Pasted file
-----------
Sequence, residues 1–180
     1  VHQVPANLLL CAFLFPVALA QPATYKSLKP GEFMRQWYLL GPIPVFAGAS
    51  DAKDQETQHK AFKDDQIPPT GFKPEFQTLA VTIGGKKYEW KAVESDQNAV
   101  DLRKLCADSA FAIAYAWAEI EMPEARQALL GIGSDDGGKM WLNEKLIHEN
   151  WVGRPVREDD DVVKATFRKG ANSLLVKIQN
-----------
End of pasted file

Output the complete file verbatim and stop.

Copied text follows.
Sequence, residues 1–180
     1  VHQVPANLLL CAFLFPVALA QPATYKSLKP GEFMRQWYLL GPIPVFAGAS
    51  DAKDQETQHK AFKDDQIPPT GFKPEFQTLA VTIGGKKYEW KAVESDQNAV
   101  DLRKLCADSA FAIAYAWAEI EMPEARQALL GIGSDDGGKM WLNEKLIHEN
   151  WVGRPVREDD DVVKATFRKG ANSLLVKIQN